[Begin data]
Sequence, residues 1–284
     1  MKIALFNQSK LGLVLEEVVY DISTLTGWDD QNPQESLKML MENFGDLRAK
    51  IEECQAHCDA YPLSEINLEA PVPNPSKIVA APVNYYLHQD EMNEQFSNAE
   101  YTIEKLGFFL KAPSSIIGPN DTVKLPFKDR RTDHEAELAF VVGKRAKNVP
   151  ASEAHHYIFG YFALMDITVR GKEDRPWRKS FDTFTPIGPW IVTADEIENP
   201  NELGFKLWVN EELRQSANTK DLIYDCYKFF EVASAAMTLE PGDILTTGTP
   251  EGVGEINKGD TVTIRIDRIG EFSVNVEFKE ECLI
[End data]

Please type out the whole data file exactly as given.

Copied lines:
Sequence, residues 1–284
     1  MKIALFNQSK LGLVLEEVVY DISTLTGWDD QNPQESLKML MENFGDLRAK
    51  IEECQAHCDA YPLSEINLEA PVPNPSKIVA APVNYYLHQD EMNEQFSNAE
   101  YTIEKLGFFL KAPSSIIGPN DTVKLPFKDR RTDHEAELAF VVGKRAKNVP
   151  ASEAHHYIFG YFALMDITVR GKEDRPWRKS FDTFTPIGPW IVTADEIENP
   201  NELGFKLWVN EELRQSANTK DLIYDCYKFF EVASAAMTLE PGDILTTGTP
   251  EGVGEINKGD TVTIRIDRIG EFSVNVEFKE ECLI